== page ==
Kids, don’t believe the startup hype: Why you should join a big company first

“Should I join Microsoft or a startup?”

As the co-founder of a profitable startup and a former Microsoftie, I hear this question a lot, especially from college students ready to start their careers.

In tech cities like Seattle and San Francisco, we’re quick to jump on the pro-startup bandwagon. Robert Scoble advises: “Join a startup. You will learn more there and have a bigger impact. Later, when you have a family and a mortgage, you can take the safe route.”

But this advice ignores the advantages—like knowledge, confidence, and money—to working for a Microsoft, Google, or Amazon first. Here’s why you should consider the big company over the startup:

You learn how (and how not) to run your own business—on someone else’s dime.

At Microsoft and my next employer, I ran my own teams. I managed people and large budgets and worked closely with sales, marketing, consulting, and support for my products.

I considered my managers my VCs and:

  • Used their “funding” to work on the cool stuff I wanted to learn.
  • Learned how to manage people (and fail at managing people) without having to pay them myself.
  • Traveled and attended conferences to learn about other industries and companies.
  • Made connections I would have never made going cold into the startup space.
  • Shipped big, ambitious software that’s used by millions.
  • Learned how to interview and hire employees, bring on contractors for short term projects, and work with international teams to build and support software.
  • Met amazing mentors with big company and startup experience who continue to provide me with great advice today. I even met my co-founder.

You save money to buy your own equity.

When I went the startup route, I didn’t want to be employee #X with a small share of the company. I wanted to do it right and be in control, which requires funding.

Josh Ledgard

First, I needed to raise enough money to “seed round” my own venture without risking the future of my family. While still employed, I maxed out 401K matching, invested in employee stock purchase programs, and saved my annual bonus checks. And then my wife and I paid off our house so we wouldn’t have a lingering mortgage or other debt.

Working at big companies gave my co-founder and me the financial freedom to own 100 percent of the equity in our company and decide how and when to grow our business.

You can earn a paycheck while starting your own business.

Working for another company doesn’t mean putting your dream on hold. Many companies have moonlighting clauses that allow you to explore side businesses, as long as it’s not competitive and you’re still doing your day job. And I also know people who’ve gotten their initial development funded by Microsoft before spinning out on their own.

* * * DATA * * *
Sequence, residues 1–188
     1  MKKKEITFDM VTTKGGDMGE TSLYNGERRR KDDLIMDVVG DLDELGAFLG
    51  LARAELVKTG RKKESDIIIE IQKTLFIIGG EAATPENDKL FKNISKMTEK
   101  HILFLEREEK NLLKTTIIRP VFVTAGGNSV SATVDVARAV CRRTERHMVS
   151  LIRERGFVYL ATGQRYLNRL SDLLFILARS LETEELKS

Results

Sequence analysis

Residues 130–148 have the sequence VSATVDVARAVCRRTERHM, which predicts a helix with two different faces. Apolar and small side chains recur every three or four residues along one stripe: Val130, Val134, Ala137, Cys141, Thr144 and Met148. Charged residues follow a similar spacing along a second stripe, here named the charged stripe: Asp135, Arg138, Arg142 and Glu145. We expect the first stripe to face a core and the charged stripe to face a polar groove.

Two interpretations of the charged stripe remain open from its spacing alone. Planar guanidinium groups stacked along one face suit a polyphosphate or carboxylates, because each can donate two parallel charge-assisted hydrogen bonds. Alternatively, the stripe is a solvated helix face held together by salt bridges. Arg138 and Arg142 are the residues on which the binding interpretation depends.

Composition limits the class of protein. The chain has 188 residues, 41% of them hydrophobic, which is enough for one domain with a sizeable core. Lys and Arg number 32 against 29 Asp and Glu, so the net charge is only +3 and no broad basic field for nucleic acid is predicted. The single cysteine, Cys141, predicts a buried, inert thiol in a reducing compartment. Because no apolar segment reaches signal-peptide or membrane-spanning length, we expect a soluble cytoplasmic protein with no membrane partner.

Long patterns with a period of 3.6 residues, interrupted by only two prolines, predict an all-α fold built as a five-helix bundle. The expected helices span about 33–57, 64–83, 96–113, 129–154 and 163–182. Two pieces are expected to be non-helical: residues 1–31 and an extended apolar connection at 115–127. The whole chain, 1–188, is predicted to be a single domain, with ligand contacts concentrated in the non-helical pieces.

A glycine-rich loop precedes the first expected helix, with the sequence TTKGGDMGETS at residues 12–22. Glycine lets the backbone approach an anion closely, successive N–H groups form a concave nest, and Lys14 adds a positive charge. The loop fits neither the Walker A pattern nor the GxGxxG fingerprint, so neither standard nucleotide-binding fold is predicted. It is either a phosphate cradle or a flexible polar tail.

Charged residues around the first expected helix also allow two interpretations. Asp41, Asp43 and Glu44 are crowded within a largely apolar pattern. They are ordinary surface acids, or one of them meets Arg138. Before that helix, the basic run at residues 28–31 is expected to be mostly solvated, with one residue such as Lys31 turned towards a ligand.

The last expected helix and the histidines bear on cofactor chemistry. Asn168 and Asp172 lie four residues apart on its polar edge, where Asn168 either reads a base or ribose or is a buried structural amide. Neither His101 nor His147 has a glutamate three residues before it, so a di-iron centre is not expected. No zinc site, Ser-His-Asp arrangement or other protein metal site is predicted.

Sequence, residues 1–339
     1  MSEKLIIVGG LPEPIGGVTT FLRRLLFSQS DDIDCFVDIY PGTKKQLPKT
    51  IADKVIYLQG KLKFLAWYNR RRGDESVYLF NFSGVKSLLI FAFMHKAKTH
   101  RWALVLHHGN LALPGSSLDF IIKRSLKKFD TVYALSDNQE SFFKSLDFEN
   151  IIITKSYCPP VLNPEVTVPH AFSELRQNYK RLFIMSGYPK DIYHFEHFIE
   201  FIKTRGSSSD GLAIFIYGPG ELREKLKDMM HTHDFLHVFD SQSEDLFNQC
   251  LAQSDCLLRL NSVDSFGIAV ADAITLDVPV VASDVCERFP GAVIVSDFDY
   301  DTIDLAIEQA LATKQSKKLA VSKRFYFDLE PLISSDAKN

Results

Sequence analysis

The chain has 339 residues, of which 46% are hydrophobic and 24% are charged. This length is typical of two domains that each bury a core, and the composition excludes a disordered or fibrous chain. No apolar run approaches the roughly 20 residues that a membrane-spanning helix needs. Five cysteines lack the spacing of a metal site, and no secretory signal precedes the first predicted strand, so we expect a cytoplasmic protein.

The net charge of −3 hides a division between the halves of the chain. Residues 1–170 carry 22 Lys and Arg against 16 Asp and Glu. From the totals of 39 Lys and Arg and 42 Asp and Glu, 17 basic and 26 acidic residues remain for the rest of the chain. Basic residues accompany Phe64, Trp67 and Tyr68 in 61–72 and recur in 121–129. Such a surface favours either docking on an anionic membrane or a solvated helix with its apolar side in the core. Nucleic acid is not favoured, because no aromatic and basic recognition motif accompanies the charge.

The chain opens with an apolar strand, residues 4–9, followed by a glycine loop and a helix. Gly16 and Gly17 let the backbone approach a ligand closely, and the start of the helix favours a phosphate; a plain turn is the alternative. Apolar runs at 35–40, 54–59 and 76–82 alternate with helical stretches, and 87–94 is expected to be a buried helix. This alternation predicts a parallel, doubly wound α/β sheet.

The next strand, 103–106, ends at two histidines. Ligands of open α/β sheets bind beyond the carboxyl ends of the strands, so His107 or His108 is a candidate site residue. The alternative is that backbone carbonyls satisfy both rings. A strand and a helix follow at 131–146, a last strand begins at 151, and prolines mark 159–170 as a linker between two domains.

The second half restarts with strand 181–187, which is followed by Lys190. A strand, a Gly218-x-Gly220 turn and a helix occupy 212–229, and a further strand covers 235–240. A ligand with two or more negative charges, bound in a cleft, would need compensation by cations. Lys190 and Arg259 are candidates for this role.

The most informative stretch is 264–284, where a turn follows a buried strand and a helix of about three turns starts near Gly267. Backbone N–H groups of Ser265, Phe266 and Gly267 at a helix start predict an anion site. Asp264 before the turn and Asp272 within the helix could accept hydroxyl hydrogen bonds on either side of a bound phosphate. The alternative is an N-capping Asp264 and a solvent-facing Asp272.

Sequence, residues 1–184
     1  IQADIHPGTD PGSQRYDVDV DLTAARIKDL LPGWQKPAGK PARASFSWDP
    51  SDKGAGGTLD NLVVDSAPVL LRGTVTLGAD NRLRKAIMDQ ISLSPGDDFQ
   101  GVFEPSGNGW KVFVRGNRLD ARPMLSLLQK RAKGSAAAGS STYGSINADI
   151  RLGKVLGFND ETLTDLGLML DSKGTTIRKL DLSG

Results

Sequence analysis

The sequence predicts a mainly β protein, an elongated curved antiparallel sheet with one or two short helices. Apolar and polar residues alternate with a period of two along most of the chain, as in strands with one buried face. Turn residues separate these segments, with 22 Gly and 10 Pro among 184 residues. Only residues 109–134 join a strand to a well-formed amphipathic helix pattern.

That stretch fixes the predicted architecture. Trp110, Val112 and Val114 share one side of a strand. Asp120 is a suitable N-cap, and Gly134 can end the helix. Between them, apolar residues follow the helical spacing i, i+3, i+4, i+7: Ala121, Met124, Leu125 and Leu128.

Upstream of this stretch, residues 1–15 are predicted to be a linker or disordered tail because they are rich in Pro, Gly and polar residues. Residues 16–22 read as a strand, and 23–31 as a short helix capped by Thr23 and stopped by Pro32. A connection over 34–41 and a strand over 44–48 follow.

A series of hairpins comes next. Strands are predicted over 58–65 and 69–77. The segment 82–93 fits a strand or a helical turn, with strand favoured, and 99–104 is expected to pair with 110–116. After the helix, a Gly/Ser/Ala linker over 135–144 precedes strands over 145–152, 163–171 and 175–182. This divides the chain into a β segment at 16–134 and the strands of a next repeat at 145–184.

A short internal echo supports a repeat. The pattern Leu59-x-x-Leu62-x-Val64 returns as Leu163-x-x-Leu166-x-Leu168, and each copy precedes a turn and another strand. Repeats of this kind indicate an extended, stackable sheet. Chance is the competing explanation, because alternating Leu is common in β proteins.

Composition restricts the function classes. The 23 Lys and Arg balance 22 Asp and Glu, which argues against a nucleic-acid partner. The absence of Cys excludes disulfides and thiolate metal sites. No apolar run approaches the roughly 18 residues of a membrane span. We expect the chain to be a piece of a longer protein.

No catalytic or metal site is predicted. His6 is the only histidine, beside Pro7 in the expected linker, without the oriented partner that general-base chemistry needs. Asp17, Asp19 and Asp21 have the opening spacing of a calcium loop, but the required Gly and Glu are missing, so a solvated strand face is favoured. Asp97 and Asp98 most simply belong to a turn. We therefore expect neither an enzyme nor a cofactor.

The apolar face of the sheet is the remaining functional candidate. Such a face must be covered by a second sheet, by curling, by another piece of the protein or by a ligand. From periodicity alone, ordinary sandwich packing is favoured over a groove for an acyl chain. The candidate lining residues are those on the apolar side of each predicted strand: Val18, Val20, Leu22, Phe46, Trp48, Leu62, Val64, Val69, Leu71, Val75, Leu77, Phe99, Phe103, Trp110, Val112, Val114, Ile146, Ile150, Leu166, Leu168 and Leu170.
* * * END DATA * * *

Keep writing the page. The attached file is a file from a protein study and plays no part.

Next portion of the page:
You can live your life—now and later.

If you want to eat Ramen noodles while slaving away at a startup and hoping for a big payday, go for it. But if you plan and do it right, you don’t have to put your life on hold to work at a startup.

In my 20s, I wanted more flexibility. I joined Microsoft, worked hard, took vacations, and bought things I didn’t need. I also got married and made many lifelong friends. In my early 30s, I was ready to start a family, and corporate employment gave me the nest egg to do it. Now, in my mid-30s, I’m a proud member of the Founder Dads club and get to see my startup succeed, while spending time with my wife and two kids.

My co-founder and I built our company the boring, methodical, and analytical way using the values each of us learned at larger, more established companies. We’re more mature, and we’ve avoided many classic startup mistakes.

Some people may be naturally gifted at raising money and have an innate understanding of everything that goes into running a business. For everyone else, there’s continuing education available at any number of large companies. Don’t short change it.

Josh Ledgard is the co-founder of KickoffLabs, subscription software for landing pages, online forms, and email marketing, and the author of My Toddler Perfects Your Sales Pitch and Landing Pages 107.  Follow Josh on Twitter @joshaledgard.

  • Guest

    I could so bust your chops on why you are wrong but I love you guys too much so I let you go!

  • K3

    Josh, you make some great points. Having done a few gigs at big companies and at small startups, I have to say the walls start closing in pretty fast when funding starts to run low. At a big company there’s so much more opportunity on the table if you find a entrepreneurial team and have the guts to push the limits.

    Of course, pushing the limits at a big corp often leads to seeking new challenges – and you’re much better prepared for having the diversity of experience that comes from pushing creative visions at a multi-billion dollar company.

    • http://www.kickofflabs.com/ Josh Ledgard

      Thanks!

      Yup – the “walls closing in” happens a lot more at smaller startups than the media covers.

  • BeenThere

    Most Microsoft disciplines below GM are too narrow to have any practical value outside of Microsoft. Possible exception for devs, but not much as so few people are actually developing using Microsoft technology. I can’t tell you how many times I’ve heard “we don’t even consider Microsoft people”.